On Friday, September 20, 2013, California Governor Jerry Brown signed into law a bill regulating hydraulic fracturing operations and other “well stimulation treatments” within the state. Among other things, the law requires well operators to obtain fracking permits from the California Division of Oil, Gas and Geothermal Resources (“DOGGR”), notify nearby property owners and tenants of planned operations, and disclose the chemical makeup of fracking fluid to DOGGR. DOGGR is required to undertake a statewide environmental impact report on the risks associated with hydraulic fracturing, and to promulgate new regulations by January 1, 2015 that will specify the manner in which fracking can occur and will require operators to monitor and protect groundwater. Further information about the law, which passed both houses of the California legislature on September 11, 2013, may be found here.
Alongside his signature, Governor Brown added a signing statement reading, “I am also directing the Department of Conservation when implementing the bill to develop an efficient permitting program for well stimulation activities that groups permits together based on factors such as known geologic conditions and environmental impacts, while providing for more particularized review in other situations where necessary.” The signing statement suggests that the State intends for the fracking permitting process to be simpler and more manageable than the language of the bill might otherwise imply. Governor Brown is also reported to have stated that “the bill needs some clarifying amendments, and I will work with the author in making those changes next year.” The Governor’s office has not elaborated on the likely nature of those amendments.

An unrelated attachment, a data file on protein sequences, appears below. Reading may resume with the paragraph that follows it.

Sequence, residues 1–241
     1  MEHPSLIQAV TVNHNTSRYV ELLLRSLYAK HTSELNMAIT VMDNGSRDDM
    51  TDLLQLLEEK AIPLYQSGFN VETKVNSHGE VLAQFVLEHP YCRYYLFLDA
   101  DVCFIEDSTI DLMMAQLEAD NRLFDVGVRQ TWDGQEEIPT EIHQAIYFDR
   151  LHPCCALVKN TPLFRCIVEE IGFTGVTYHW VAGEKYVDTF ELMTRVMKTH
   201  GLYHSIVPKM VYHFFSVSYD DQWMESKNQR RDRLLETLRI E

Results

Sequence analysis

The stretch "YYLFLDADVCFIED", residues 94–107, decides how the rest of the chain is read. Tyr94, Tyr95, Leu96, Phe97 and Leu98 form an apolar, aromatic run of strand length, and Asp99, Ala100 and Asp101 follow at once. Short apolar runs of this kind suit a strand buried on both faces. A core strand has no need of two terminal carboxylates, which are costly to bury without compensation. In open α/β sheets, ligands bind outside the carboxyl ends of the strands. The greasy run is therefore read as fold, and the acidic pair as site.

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This article was originally published by Bingham McCutchen LLP.